Sunday, April 24, 2011

No Lesson Learned?

Meet my cat, Annie.

Annie (left) and her brother, The early days
We got Annie seven years ago when we adopted her with her brother from a pet rescue organization. They joined our other two cats. (Yes, count them. We have four cats. And yes, we are a little bit crazy to have that many.) She came into the household adventuresome and bossy. Among other things, she tried to take over the favorite spots of the older cats. This had mixed results. After a few months, the pecking order was finally established, and much to her chagrin, Annie was the Number Two cat.

This sometimes left her a little cranky and determined to succeed in another area—eating. She soon figured out that I usually did the feeding and stuck to me like glue. She would always be the first one eating, pushing others out of the way if necessary even though they each had their own bowl. She would bump my hand as I was pouring food so more would spill into the bowl. Then, if any food was left from the other cats, she would finish it. Success was finally hers because soon Annie was the Number One heavy weight cat.

Annie was always getting into something.
Her size did not appear to slow her down, however. She was still the loudest cat and the most aggressive hunter. She was always first on the scene when anything new came into the house. Even though squabbles between her and the other cats quieted down, she would still take advantage of vulnerable situations to try to assert her authority. In other words, she had not forgotten her ultimate goal of being top cat, but still she remained Number Two.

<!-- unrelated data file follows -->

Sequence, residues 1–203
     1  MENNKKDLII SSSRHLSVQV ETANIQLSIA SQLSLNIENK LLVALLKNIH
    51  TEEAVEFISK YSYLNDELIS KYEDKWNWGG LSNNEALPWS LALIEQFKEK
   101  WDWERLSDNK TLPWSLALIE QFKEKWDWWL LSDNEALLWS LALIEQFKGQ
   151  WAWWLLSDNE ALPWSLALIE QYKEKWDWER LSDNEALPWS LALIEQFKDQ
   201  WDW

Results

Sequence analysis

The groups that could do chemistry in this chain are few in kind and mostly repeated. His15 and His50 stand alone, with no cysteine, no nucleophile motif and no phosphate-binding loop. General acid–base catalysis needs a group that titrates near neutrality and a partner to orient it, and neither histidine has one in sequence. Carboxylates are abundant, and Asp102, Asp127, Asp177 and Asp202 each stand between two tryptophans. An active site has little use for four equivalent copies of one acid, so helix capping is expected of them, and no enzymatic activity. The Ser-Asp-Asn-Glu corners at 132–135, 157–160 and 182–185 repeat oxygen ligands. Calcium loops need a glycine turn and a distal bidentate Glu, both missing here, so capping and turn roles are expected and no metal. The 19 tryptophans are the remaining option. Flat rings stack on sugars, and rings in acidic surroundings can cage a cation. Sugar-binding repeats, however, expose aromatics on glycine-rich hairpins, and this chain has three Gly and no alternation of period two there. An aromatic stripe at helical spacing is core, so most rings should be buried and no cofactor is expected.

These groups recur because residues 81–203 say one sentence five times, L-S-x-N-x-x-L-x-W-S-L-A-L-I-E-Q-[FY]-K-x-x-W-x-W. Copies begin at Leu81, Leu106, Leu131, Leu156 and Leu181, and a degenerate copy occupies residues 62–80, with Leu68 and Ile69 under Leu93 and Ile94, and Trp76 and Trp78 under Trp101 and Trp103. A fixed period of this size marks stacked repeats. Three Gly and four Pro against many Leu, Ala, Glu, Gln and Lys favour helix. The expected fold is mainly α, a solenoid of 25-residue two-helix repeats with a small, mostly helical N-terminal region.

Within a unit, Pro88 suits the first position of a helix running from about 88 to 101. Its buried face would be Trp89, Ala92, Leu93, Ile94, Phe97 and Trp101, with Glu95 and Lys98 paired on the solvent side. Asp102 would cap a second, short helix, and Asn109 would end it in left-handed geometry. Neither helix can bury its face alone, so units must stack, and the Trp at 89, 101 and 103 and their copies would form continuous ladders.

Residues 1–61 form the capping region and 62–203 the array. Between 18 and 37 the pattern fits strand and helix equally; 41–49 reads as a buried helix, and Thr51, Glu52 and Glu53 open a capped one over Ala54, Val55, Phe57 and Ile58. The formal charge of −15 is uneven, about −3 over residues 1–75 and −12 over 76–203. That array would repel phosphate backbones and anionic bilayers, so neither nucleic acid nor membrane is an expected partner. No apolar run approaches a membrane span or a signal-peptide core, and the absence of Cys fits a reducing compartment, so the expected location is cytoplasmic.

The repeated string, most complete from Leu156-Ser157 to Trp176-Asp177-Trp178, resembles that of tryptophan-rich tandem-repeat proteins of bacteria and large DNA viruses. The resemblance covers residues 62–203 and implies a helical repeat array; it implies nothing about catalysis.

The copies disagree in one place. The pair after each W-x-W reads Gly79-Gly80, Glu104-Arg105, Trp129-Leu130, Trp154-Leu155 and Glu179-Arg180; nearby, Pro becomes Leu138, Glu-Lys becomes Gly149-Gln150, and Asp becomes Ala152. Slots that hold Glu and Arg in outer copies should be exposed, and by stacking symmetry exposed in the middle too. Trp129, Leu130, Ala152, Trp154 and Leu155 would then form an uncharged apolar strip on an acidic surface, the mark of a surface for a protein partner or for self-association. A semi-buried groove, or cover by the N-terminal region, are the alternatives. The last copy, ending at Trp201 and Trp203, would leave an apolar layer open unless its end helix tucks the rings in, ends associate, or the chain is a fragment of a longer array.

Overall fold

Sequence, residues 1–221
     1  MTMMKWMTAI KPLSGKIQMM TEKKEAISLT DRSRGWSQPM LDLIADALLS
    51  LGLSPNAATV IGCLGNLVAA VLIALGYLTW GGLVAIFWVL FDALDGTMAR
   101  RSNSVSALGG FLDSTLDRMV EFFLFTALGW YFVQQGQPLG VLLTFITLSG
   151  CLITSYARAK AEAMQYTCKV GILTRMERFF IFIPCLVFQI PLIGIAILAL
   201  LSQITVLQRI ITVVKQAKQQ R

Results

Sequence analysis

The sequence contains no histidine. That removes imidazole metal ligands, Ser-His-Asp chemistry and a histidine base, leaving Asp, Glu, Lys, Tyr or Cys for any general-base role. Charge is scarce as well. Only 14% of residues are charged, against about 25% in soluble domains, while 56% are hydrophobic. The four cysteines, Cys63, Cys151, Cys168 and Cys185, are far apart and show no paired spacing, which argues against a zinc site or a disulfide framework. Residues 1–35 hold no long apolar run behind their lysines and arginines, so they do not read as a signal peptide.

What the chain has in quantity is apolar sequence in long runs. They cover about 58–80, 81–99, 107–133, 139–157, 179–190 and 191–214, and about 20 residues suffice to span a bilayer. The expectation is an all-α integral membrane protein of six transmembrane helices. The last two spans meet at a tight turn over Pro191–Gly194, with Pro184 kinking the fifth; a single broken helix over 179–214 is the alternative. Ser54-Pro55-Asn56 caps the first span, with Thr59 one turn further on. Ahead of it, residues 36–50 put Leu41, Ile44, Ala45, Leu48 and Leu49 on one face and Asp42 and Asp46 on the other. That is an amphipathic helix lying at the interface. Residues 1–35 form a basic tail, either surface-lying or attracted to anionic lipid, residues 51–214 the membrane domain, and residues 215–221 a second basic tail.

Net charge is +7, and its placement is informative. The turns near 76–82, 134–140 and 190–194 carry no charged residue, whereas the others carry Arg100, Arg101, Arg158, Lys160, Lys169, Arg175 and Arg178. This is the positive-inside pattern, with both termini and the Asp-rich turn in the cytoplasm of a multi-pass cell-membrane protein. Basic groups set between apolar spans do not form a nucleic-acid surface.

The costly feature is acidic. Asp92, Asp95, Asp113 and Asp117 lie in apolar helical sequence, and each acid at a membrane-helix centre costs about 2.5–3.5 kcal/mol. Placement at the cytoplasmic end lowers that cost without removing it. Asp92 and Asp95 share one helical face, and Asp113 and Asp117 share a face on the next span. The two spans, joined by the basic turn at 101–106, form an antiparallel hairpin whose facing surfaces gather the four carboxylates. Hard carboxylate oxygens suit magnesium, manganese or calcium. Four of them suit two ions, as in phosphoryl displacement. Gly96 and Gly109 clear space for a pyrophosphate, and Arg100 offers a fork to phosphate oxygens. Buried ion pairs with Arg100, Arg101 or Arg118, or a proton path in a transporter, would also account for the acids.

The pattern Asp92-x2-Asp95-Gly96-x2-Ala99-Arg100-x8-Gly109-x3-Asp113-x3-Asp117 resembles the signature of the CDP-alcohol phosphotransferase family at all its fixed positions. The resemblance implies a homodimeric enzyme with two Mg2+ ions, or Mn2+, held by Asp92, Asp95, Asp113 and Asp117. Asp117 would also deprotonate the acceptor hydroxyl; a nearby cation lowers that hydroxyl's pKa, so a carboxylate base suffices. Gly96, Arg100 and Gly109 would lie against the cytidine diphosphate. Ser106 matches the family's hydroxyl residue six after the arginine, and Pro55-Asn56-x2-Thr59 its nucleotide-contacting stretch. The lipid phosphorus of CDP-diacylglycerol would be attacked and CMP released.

This started to really bug her. Her normal grooming became a source of comfort and she licked so much that she licked her belly bare of fur. The vet said that we should intervene. Annie was soon fitted with an Elizabethan collar to deter her licking. This threw her for a loop in the beginning. She bumped into things because she was not used to the extra width around her face and no longer could use her whiskers to help her judge distances. She was frustrated that she couldn't perform her instinctive grooming because of this plastic collar around her head. At first the collar seemed to dampen her spirit, but being Annie, she soon adapted. She bumped into fewer walls. She insisted that I pet, comb, and scratch her to take care of the areas she could not reach to groom. She hunted and caught a mouse even with the hindrance of her collar. Otherwise, She took a lickin' and kept on tickin'. Or maybe we should say, She couldn't take a lickin' but she keeps on tickin'. 
Annie was not happy with her collar in the beginning.

I don't know what we are supposed to learn from Annie's example. Maybe,"Always have a dream." Or "If first you don't succeed, try, try again." Or "Food is not the answer." Or "Better watch what you're doing or someone will whisk you away and fit you with a fashion accessory you don't want even though it is does help balance the 'fullness' of the rest of your body." Or maybe, there doesn't have to be a lesson in everything. That's what Annie says. She says that thinking too much gets you in trouble. Look what it did to her belly. Oh wait, that is a lesson-"Don't think too much."

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